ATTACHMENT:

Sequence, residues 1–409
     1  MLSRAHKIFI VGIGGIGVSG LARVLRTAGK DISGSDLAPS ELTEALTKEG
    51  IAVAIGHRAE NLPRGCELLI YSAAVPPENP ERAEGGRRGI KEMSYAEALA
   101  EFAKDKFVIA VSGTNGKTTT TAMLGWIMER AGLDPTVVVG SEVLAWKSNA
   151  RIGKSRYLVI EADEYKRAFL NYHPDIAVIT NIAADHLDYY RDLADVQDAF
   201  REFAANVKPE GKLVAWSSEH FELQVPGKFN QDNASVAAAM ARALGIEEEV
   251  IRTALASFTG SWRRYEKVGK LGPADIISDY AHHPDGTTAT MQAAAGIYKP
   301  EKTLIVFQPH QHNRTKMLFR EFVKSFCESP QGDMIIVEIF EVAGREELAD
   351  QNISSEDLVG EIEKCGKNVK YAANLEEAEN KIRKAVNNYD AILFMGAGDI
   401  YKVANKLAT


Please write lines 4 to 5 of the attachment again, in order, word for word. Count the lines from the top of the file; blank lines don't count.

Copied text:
   101  EFAKDKFVIA VSGTNGKTTT TAMLGWIMER AGLDPTVVVG SEVLAWKSNA
   151  RIGKSRYLVI EADEYKRAFL NYHPDIAVIT NIAADHLDYY RDLADVQDAF